A novel review by acclaimed actress, director and screenwriter Anni Domingo
Coverage of a book launch is never exclusive to a news agency, especially when it comes to an icon whose works have been widely recognized. However, The African Magazine was privileged to have acclaimed actress, director and writer Anni Domingo write an exclusive feature on her just-released debut novel, Breaking the Maafa Chain, an epic journey of loss, survival and of hope. The novel, which won the Myriad Editions First Novel competition and featured in the anthology New Daughters of Africa edited by Margaret Busby, is based on the true story of Sarah Forbes Bonetta, abolitionist and goddaughter of Queen Victoria.
Breaking the Chain Maafa, the African Holocaust, takes the reader back to December 1846, when two sisters, Fatmata and Salimatu, were captured and sold as slaves. But the two sisters ended up having two different paths in life: Fatmata, whose name was changed to Faith, was taken to America where slavery was still the law of the land, while her sister Salimatu, who was renamed Sarah, found herself in England where slavery had been abolished and became the goddaughter of Queen Victoria.
In the brilliant piece written just for The African, which she titled ‘Time travel in search of Sarah’, Anni Domingo – who is currently a lecturer in theater and directing at St. Mary’s University in Twickenham and Rose Bruford College of Speech and Drama in the UK—writes: “Historical fiction made me a time traveler. Breaking the Maafa Chain, my first novel, told by two characters, one real and one fictional, takes place in West Africa and Victorian England. From the start, I wanted the reader to travel with me through the veil of time, into the imaginary inner lives of real people and imaginary people, real times and places. I knew the novel would be set in the Victorian era, but how do I bring Sarah, a real-life historical figure, and Faith, her fictional sister, into this fictional form? »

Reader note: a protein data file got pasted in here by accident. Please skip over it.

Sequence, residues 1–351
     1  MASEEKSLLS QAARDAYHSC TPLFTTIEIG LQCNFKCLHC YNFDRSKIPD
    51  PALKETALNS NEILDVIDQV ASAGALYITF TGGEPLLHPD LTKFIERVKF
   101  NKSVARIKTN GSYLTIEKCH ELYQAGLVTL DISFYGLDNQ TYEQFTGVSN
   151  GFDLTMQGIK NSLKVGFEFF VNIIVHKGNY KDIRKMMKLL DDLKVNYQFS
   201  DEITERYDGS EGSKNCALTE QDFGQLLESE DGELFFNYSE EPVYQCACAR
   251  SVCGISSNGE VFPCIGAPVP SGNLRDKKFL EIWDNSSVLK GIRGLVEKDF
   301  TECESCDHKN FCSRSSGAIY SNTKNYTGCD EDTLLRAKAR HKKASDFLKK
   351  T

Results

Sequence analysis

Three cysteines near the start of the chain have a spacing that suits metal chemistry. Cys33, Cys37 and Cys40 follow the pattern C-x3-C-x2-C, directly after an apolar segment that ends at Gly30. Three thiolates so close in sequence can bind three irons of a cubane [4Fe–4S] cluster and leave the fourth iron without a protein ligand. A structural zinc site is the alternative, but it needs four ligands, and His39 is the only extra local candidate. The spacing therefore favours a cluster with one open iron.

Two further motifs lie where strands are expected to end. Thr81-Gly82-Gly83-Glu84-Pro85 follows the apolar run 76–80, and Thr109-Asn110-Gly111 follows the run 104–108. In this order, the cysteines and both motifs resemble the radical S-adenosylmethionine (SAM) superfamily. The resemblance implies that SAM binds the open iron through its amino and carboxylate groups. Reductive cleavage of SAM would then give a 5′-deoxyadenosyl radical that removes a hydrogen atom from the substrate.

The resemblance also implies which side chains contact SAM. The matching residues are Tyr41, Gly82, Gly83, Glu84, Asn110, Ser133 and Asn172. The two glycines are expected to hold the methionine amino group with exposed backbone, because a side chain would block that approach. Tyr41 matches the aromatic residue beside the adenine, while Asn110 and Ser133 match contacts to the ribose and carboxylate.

In her beautiful prose, the seasoned actress weaves the cruelty of the slave trade, harrowing facts from African history, and the thirst that guided her efforts to gather the ingredients to write a captivating and true story: “Where it is possible, I will visit the place, building, street. I walk in Hyde Park, I go to a village in Sierra Leone and in the Gullah, in North Carolina. I want to see what Sarah and Faith could see, feel, touch. I gather so much information piled up in my head, it’s like an iceberg – most of it will remain invisible.
About the African magazine:
L’African is the first African magazine published in the United States, dating back to 1994. Founded by award-winning veteran journalist Soumanou Salifou with one foot in Africa and the other in the United States, the pioneering magazine has online and print versions . . It brings readers original reporting on African-American relations in politics and business, with a focus on the historical and cultural ties between Africa and Black America. The groundbreaking magazine received a rave review in the Library Journal in 1999 and a warm congratulatory letter from then US President George H. W. Bush in 2002. Salifou majored in African Studies and American Civilization at several universities Africans, and is an alumnus of the Paul H. Nitze School of Advanced International Studies at Johns Hopkins University in Washington, D.C.
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